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Some of the United Kingdom’s cash-strapped primary care trusts – regional health authorities funded by the National Health Service (NHS) – have begun imposing restrictions on some medical procedures to curb a massive deficit.

In November, trusts in East Suffolk announced that clinically obese people will be denied knee and hip replacement surgery, even if they are in serious pain. Patients in Ipswich will no longer be considered for joint replacement if they have a body mass index (BMI) of more than 30, the clinical definition of obesity. A person’s BMI is calculated by considering their weight in relation to their height.

We cannot pretend that this [decision] wasn’t stimulated by the pressing financial problems of the NHS in East Suffolk,” Dr. Brian Keeble, the U.K.’s director of public health, told the Guardian newspaper after the announcement.

While local doctors nominally supported the move, stating the dangers associated with operating on overweight people, the motive behind the decision was “unashamedly financial,” Keeble said.

It’s true that many obese patients would not be considered good candidates for joint surgery. They can take longer to recover and are at much higher risk for developing infections and other complications. But the British Medical Association opposes a blanket ban, saying the patient’s personal physician should evaluate cases individually.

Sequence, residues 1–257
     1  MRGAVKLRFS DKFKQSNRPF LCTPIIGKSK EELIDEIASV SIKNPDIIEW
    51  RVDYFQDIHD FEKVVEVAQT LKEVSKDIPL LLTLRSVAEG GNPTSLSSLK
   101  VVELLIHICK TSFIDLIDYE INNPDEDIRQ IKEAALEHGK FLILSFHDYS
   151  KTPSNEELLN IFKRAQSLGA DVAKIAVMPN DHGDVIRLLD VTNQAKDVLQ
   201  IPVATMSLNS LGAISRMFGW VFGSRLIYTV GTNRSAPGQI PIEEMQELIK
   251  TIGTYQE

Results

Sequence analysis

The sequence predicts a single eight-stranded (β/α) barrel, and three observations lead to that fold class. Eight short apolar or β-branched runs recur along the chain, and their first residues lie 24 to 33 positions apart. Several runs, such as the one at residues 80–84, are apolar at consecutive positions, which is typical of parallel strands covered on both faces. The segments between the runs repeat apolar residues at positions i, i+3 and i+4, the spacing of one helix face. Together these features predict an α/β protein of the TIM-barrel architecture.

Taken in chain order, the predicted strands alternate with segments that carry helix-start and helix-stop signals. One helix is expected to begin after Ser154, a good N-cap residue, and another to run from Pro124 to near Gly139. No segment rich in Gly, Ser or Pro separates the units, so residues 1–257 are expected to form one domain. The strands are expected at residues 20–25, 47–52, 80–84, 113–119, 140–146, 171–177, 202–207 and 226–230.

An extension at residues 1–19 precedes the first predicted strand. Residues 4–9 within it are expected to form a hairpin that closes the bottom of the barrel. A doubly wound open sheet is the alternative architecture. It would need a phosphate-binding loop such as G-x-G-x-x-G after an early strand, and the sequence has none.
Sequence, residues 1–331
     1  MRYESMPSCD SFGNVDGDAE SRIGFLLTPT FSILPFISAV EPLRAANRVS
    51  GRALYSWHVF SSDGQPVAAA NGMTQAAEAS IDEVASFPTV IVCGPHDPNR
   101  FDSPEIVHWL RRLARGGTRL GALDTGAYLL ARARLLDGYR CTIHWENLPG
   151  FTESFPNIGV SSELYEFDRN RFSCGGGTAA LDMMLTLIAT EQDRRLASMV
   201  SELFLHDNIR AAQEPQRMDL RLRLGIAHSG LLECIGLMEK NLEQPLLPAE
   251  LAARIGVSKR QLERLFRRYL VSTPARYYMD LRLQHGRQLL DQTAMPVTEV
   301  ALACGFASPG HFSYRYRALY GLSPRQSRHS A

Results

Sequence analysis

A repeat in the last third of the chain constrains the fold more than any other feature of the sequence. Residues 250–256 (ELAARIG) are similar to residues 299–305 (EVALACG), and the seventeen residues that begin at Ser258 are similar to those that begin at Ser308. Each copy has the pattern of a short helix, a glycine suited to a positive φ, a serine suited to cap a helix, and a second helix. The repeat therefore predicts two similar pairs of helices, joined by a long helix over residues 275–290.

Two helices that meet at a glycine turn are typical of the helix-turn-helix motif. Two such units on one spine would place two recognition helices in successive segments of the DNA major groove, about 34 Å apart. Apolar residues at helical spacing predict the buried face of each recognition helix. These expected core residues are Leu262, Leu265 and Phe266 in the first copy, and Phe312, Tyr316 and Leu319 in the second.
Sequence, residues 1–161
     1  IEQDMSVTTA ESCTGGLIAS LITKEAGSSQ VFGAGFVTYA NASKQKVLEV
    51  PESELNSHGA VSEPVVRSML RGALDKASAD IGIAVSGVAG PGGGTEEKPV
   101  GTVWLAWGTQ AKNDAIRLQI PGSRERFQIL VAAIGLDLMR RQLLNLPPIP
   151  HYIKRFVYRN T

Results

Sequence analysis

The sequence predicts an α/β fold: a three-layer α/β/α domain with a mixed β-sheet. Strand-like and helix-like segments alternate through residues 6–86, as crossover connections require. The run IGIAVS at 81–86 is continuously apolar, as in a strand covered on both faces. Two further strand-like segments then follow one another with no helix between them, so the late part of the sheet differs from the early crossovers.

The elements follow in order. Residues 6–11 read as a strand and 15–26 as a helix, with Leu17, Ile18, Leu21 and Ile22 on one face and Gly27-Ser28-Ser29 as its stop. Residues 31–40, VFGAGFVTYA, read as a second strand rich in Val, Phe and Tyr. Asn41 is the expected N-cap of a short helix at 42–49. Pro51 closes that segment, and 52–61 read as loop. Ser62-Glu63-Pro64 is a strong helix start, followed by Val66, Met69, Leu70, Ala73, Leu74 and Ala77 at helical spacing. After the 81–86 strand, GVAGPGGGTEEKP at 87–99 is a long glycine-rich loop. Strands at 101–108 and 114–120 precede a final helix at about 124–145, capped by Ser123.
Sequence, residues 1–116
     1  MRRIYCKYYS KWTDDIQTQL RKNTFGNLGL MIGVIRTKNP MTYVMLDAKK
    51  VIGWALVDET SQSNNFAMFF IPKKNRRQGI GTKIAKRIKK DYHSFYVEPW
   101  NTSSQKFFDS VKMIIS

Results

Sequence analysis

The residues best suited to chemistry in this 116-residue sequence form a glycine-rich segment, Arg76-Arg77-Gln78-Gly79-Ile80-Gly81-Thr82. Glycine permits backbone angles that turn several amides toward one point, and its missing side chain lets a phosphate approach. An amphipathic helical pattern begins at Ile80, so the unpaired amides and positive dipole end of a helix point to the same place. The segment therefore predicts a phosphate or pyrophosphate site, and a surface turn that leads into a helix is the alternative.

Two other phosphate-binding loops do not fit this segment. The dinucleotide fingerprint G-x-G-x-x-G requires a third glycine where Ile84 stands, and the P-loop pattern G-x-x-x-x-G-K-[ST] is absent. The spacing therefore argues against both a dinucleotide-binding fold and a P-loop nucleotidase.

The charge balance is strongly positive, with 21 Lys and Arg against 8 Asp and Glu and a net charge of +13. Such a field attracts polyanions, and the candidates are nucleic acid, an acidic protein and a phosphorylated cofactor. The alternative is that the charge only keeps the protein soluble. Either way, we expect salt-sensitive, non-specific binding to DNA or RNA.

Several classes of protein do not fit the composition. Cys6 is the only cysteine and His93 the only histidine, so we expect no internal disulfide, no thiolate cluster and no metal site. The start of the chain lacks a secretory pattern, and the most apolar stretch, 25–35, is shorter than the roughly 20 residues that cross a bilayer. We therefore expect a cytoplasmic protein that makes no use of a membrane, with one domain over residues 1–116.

The trusts are taking extreme measures to eliminate a CAN$97.3 million deficit by the end of March 2006. The move follows the disclosure in the media that Patricia Hewitt, the British health secretary, will be enforcing a “zero tolerance” policy on NHS deficits to eradicate a forecast deficit of up to CAN$1.4 billion.

Hewitt is placing even more financial pressure on hospitals and primary care trusts, whose boards say it will be impossible to break even without “unacceptable” cuts in service. The trusts were told to save by improving productivity. In many cases, this meant contracting out services such as cleaning and food and entering into partnerships with the private sector. Trusts and hospitals that fail to improve their bottom line face ward closures and staff cuts.

Along with joint replacements, restriction will be placed on surgery for varicose veins, haemorrhoids and hernias. Children with a certain type of chronic ear infection will not receive surgery unless their condition is leading to “educational, behavioural or other problems.”

People can buy private insurance that covers these procedures in which case the hospitals will gladly open their doors. Those without insurance may have to travel to another region and try their luck elsewhere or suffer.

The current financial crisis can be traced to 2000, when Tony Blair’s Labour government launched a 10-year reform program for the NHS, continuing the policies begun under Tory prime ministers Margaret Thatcher and John Major. The NHS stopped funding the regional trusts according to need, instead setting out arbitrary annual budgets and encouraging them to seek out private partnerships to make up the shortfall.

The Blair administration has said it doesn’t matter who provides care, as long as it’s publicly funded. But while the NHS provides the money, private companies are running the show at the expense of patients’ health.

(With notes from The Guardian, Nov. 23, 2005)